Auto advertising pays you to drive your car
by Debra Karplus
When Opportunity Knocks
My Story: Extra Cash
In 2012, the Internal Revenue Service allows the standard deduction of fifty-five and one half cents per mile driven for business, according to irs.gov. With that figure as an indicator of the cost of operating a vehicle, one thousand miles driven monthly could cost the average consumer nearly seven thousand dollars annually and even more for larger vehicles, such as minivans or sports utility vehicles. Climbing expenses like that make it a wonder that any family or individual can afford to own a car, even a modest compact car, especially as gas prices continue to increase.
In the 1990s, an advertising trend developed that marketers are hoping you noticed. Perhaps you've been riding on the highway and spotted a car or van or small truck that was brightly painted with the logo and easy-to-read large-print phone number of a heating and air conditioning company, printing shop, catering service, or some other business. Usually those vehicles are driven by employees or owners of those companies, but sometimes they are driven by individuals like you who found opportunities for generating income simply by driving. You might consider advertising for businesses by driving to take the sting out of those high costs of operating your own car.
If you don't mind attracting attention, being a mobile advertisement may be right for you.
Some businesses will pay you and a few companies may actually provide a free vehicle to you if you drive their car that has been auto wrapped to advertise their business, making it cost effective to pay you to drive. You become a type of mobile billboard. These companies are typically located in college towns or highly populated areas where having you drive for them gets the most exposure to the public. If you take pride in what you drive, as many people do, you want to give some serious thought to transporting yourself and your family in a highly visible colorful vehicle.
Depending on your driving habits, you may be able to generate income with an advertising vehicle.
Driving a wrapped vehicle is not for everyone, and the companies that screen potential drivers have specific criteria that you must meet. Drivers must be at least 18 years old and are required to drive a minimum number of miles, such as 800 miles monthly. Don't be surprised if a GPS is in the car to track driving. If you crave privacy, driving for pay may not be something you want to try. You'll be expected to drive a certain distance from home or work to be eligible for driving a mobile billboard. The size of the ad itself may determine your pay rate, also. How you will be paid varies from company to company. You need to do some careful research and definitely read all the fine print.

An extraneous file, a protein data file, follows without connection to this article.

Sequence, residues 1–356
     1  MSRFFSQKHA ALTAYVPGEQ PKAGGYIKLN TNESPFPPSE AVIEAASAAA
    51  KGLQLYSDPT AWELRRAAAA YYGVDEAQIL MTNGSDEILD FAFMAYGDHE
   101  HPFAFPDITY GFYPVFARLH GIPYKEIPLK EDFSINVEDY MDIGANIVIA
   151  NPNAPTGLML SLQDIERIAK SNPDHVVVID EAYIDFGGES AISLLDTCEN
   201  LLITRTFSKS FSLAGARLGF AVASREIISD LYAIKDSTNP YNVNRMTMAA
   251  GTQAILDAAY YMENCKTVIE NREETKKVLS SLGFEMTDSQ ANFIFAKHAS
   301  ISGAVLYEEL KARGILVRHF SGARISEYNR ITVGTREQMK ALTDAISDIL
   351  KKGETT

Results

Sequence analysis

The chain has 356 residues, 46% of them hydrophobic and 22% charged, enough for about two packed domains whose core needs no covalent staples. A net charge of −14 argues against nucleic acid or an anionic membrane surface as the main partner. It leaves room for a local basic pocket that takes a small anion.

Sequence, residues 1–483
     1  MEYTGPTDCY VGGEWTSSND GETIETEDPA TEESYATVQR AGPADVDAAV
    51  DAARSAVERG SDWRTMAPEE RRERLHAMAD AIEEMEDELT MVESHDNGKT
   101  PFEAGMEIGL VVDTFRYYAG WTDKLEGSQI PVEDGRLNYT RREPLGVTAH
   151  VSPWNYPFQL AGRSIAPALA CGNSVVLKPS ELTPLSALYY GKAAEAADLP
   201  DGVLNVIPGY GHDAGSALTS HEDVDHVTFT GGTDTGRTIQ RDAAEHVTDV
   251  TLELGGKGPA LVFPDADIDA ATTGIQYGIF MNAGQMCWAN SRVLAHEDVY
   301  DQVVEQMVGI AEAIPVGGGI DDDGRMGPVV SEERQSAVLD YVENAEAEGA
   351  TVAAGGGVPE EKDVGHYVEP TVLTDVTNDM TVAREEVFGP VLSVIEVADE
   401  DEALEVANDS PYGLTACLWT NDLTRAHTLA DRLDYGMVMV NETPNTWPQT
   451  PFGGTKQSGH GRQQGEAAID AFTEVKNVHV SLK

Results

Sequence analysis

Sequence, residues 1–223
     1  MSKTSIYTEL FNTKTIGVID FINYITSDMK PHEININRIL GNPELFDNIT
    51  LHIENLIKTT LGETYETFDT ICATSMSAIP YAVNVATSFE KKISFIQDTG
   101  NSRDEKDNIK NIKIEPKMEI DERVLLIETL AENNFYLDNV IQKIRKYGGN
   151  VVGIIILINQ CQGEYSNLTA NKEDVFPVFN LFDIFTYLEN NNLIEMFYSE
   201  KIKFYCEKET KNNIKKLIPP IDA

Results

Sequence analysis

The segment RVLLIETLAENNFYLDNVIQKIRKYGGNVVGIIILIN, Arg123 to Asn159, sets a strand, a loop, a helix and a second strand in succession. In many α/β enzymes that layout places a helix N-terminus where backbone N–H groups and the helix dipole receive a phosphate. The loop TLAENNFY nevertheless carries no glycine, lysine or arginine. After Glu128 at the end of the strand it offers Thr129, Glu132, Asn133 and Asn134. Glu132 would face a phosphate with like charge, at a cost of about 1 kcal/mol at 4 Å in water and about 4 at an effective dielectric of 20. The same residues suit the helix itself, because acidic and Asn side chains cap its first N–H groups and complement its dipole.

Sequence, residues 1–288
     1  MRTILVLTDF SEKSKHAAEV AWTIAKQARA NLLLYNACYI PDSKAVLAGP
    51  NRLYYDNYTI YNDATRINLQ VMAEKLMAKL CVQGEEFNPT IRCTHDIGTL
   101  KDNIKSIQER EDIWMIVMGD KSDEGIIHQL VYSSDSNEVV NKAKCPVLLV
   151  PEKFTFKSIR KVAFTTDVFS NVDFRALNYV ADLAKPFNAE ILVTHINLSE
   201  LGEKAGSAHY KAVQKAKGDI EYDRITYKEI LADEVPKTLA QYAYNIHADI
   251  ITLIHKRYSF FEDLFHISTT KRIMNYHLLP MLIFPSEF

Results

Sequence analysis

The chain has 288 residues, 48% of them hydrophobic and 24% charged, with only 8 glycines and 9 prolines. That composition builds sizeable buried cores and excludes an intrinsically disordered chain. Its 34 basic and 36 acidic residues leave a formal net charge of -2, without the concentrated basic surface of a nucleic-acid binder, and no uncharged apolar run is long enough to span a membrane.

There are websites to search to find driving opportunities.
Be a prudent consumer before agreeing to drive for pay and never pay money upfront for the chance to use a vehicle for advertising. The opportunities may be plentiful in some locales and rare in others. You might consider phoning some local advertising companies to see what might be available or take a look at these sites to learn more about making income from driving.
Like many of the situations you consider that will help stretch your dollars, be extraordinarily careful before you sign anything. It's great to get paid for an activity that you already do regularly, but be cautious. Drive safely!
Debt is preventing me from taking a vacation this year or the vacation I'd like to take this year! Tell us: Yes, debt is affecting my vacation plans! or No, we're going exactly where we want to go but we'd love to learn make our trip as inexpensive as possible!
Debra is an occupational therapist, accountant, teacher and freelance writer. She is a writer for Advance for Occupational Therapy Practitioners. She also writes for Grand Magazine, has some items (fiction and non fiction) selling on Amazon.com (kindle), has written several travel articles for the Champaign-Urbana News-Gazette and several articles for freelancewriting.com. Learn more about her at DebraKarplus.blogspot.com.
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